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An update from the thirty-fourth Writing Workshop with Conner Bassett

A summary of the workshop held on Saturday April 23, plus some of the output published below

After the success we had discussing objects back in the fall session of 2021, we once again turned our focus to these strange, almost alien things. And yes, objects are strange! To begin we looked at a shovel—yes, a shovel—because as it turns out Marcel Duchamp considered the shovel odd enough that he put one up in a museum. Next, we looked at some of the artworks from an exhibit by Katarina Kamprani, wherein she slightly transformed ordinary household objects—a hammer, a knife, for example—into unusable things, the idea being that the exhibit invites us to consider how strange objects are. We then discussed a few paintings—Still Life with Skull by Cezanne, Violin and Candlestick by Georges Braque, and Sunflowers by Van Gogh, to name a few, all of which presented objects in a distorted, alienating light. From our discussion of paintings we moved into a discussion of poetry, beginning with Wallace Stevens’ strange poem “Anecdote of the Jar,” in which the central object, a jar, seemed to transform itself and its surroundings with its strangeness. We also read “Perception of an Object Costs” by Emily Dickinson, which suggested that by perceiving an object, the object somehow eludes us and escapes our perception, two poems by Gertrude Stein—”A Box” and “Mildred’s Umbrella”—and “The Crystal” by Clark Coolidge, all of which elucidated the transformation of perception that can occur when closely examining an object.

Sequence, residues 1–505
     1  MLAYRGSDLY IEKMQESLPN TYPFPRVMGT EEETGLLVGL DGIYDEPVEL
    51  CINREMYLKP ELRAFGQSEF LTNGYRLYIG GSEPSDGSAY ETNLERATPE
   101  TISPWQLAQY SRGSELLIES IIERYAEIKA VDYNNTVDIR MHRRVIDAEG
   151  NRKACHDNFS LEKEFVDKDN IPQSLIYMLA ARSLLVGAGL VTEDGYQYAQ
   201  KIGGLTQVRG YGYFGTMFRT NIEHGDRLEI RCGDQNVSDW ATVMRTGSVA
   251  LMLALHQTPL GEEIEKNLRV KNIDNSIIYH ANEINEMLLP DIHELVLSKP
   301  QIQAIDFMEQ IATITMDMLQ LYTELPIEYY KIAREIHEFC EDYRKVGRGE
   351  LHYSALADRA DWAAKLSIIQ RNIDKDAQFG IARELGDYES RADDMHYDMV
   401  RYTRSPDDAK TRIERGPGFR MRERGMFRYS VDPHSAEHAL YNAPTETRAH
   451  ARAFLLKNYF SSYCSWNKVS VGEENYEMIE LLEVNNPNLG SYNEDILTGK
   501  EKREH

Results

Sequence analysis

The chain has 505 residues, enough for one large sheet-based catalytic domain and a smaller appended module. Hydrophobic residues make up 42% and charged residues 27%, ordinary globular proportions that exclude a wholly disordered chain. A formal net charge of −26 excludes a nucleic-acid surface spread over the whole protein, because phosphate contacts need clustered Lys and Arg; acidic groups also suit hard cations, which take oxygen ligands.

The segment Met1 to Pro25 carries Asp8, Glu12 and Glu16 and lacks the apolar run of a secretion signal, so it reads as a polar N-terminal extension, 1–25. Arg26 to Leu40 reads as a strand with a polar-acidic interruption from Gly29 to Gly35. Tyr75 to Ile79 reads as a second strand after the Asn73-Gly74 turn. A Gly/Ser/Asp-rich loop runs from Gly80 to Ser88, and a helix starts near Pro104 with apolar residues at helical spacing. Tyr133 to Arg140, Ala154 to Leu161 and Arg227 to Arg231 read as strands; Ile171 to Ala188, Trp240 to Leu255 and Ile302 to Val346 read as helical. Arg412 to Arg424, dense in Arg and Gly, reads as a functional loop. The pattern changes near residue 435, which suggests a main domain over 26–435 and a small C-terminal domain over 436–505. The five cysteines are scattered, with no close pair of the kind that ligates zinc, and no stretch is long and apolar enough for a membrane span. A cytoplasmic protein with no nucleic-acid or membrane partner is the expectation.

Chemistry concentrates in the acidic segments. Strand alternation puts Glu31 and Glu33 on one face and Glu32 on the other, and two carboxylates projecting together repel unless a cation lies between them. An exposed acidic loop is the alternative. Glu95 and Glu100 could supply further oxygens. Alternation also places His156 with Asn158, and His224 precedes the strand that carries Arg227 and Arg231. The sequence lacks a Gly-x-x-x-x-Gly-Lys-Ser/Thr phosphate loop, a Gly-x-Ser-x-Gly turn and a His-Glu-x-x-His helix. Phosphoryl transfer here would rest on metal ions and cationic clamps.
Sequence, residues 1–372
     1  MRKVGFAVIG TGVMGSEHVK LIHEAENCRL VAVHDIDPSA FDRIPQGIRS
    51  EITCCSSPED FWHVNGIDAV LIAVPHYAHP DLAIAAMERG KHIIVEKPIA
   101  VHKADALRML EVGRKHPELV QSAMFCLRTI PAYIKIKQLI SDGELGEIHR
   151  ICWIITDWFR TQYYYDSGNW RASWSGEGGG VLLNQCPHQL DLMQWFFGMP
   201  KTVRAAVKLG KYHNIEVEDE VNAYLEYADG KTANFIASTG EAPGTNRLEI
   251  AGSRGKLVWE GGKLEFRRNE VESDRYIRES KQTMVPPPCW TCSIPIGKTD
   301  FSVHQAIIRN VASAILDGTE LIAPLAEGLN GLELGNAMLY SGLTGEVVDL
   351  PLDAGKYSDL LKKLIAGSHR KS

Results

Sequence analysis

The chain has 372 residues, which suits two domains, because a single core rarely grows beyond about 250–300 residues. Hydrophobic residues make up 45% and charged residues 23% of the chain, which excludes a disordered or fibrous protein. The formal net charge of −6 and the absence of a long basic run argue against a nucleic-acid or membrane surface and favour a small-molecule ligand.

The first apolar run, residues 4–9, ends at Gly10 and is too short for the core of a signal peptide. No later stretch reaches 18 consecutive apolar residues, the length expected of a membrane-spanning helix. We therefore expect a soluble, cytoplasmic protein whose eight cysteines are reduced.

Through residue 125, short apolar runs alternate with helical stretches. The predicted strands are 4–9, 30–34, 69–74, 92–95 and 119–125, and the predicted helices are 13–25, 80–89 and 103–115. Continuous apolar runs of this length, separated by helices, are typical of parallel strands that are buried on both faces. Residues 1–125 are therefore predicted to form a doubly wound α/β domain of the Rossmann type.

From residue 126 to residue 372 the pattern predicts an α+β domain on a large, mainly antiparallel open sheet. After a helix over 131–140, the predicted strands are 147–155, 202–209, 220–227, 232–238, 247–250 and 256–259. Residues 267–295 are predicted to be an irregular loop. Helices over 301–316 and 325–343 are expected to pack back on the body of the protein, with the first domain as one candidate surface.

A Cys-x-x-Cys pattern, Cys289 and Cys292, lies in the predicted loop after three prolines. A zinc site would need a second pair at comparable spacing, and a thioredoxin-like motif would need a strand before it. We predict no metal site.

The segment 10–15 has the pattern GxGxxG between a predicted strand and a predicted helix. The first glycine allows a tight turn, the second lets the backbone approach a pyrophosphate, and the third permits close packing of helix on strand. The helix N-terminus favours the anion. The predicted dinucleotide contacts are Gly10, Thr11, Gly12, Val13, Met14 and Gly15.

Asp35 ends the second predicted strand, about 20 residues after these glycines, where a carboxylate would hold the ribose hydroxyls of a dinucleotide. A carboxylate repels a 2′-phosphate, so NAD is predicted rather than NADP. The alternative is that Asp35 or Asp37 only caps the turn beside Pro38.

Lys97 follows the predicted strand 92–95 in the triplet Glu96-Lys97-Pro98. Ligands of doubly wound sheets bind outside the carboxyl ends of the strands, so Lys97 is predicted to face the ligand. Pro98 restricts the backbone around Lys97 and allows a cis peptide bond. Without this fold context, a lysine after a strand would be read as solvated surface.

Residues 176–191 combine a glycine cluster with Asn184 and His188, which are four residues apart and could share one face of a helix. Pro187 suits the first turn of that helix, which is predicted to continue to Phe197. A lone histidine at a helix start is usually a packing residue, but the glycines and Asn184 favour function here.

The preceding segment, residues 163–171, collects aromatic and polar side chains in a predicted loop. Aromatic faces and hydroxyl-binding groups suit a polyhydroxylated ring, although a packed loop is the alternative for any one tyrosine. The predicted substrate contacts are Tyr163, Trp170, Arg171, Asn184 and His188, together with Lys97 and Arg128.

The Challenge: First, choose an object either near you or imagined. Then, 1) write a funny poem/story about your object, 2) write a scary poem/story about your object, &/0r 3) write a sad poem/story about your object.

The Participants: Emma, Alice, Ellie, Samantha, Fatehbir, Josh

To watch more readings from this workshop, like Fatehbir's below, click here

Fatehbir, 10

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